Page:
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Asteroid Detected Before Impact

Asteroid Detected Before Impact

An astronomer in Poland discovers an small asteroid, only a 3–4 meters across, on March 11, about two hours before the impact northeast of Iceland.

Kleť Observatory sees asteroid 2022 EB5, 13 minutes before impact. CREDIT: ESA

In news that is almost straight out of Don’t Look Up but far less horrifying, an astronomer in Poland detected an asteroid on March 11. The small asteroid, only about a meter in diameter, impacted the Earth to the northeast of Iceland less than two hours after discovery.

This object, now designated asteroid 2022 EB5, is only the fifth asteroid detected before impact. That’s actually kind of a good thing. While the Earth is constantly bombarded by space debris from asteroids and comets, most of that debris is very small, usually dustlike particles. Larger objects in the range of 2022 EB5 are only expected to strike Earth about ten times per year. But they are small and usually difficult to spot until they get pretty close. They also pose no threat to Earth because of their small size, so yay.

Detecting these smaller objects takes the global astronomical community, too. After Krisztián Sárneczky first discovered the object, he reported it to the Minor Planet Center, which sent out alerts to the observational community. At first, the impact chance was estimated to be less than 1%, but as more observations were taken by both Krisztián and other observers, the percentage shot up to 100%.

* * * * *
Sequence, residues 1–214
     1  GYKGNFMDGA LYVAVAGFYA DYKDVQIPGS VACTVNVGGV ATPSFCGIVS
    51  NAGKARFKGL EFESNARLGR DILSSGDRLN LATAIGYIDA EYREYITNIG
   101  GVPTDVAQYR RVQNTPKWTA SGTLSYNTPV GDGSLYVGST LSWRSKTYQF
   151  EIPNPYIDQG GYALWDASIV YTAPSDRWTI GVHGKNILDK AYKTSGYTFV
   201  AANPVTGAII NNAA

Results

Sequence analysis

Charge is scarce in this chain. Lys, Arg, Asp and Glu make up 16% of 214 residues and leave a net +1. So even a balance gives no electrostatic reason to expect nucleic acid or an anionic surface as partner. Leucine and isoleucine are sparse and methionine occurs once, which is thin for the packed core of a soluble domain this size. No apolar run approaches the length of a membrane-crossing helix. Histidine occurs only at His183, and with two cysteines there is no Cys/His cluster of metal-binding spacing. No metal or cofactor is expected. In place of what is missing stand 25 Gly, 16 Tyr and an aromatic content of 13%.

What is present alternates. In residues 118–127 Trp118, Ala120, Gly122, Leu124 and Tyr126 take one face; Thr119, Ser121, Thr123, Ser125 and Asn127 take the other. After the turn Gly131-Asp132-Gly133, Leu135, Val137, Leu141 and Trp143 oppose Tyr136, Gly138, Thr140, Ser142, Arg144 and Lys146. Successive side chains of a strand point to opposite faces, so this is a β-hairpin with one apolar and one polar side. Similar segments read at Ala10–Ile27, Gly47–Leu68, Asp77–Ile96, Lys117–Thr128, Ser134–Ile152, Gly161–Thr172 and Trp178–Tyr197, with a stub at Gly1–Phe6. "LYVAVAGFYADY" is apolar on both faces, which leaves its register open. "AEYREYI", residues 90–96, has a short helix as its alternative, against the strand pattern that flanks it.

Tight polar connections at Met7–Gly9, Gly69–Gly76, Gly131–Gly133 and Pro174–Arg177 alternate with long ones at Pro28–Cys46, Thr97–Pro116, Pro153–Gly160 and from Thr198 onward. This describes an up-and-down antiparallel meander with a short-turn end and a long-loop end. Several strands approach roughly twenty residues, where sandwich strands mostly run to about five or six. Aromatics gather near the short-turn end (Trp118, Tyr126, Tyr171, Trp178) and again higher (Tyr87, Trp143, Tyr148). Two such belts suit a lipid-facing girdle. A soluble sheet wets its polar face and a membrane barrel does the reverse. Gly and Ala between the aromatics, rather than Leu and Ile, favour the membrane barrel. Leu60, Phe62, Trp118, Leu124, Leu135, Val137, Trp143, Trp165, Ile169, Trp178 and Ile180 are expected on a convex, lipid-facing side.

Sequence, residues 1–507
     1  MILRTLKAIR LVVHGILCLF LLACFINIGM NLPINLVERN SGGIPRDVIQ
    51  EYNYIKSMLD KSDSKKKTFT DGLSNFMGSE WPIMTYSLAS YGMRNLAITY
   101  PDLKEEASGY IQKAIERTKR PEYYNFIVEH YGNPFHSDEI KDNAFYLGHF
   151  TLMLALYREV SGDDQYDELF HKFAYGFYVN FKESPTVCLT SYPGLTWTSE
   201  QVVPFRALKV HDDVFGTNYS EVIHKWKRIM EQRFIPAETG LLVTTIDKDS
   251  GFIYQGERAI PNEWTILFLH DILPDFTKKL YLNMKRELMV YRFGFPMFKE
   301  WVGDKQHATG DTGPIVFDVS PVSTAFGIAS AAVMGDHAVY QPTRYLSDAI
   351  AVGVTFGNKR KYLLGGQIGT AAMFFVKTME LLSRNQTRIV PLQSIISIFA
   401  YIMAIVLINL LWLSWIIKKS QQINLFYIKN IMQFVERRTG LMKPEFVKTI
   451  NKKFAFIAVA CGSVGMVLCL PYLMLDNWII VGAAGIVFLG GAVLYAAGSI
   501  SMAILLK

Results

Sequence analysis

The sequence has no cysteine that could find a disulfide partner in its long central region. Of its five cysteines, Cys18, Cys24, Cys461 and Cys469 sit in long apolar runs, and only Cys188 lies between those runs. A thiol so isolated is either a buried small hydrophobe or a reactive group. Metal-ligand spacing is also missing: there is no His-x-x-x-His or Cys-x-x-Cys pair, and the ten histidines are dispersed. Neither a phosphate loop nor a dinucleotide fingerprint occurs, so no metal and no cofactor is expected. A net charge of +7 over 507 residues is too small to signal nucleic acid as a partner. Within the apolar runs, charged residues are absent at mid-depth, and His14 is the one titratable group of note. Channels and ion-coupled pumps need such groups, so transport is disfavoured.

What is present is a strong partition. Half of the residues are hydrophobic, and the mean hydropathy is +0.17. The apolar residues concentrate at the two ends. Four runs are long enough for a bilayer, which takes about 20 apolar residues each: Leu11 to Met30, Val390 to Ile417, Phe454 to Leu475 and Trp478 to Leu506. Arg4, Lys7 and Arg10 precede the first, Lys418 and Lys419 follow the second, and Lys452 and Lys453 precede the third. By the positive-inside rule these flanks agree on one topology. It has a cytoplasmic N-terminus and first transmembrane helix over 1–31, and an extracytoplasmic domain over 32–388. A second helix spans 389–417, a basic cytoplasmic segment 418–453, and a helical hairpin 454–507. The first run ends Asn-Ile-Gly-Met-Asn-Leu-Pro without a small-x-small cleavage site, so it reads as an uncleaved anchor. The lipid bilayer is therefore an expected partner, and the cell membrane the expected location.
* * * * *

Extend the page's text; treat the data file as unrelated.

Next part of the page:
One of the systems triggered by the object was the European Space Agency’s “Meerkat” monitoring system. That system sent another alert to the ESA’s Near-Earth Objects Coordination Centre, which further disseminated the information to the astronomical community. Again, the asteroid was difficult to observe as it was less than 50,000 kilometers away and moving quickly across the sky.

Sadly, due to the remote location of the impact, no visual evidence was collected. The main confirmation came from infrasound detectors in Greenland and Iceland that recorded the impact, estimated to have released the same amount of energy as two to three kilotons of TNT. That energy correlates to an object about 3–4 meters in diameter, meaning the asteroid was bigger than originally thought, but that could just be a result of the measurement uncertainties.

While this is only the fifth small object detected before impact, it is also the fifth detected since 2008. Our detection technology is improving year over year, and we expect more stories like this one in the future.

More Information
ESA press release
This story was written for the Daily Space podcast/YouTube series. Want more news from myself, Dr. Pamela Gay, and Erik Madaus? Check out

This article was originally published by Beth Johnson on



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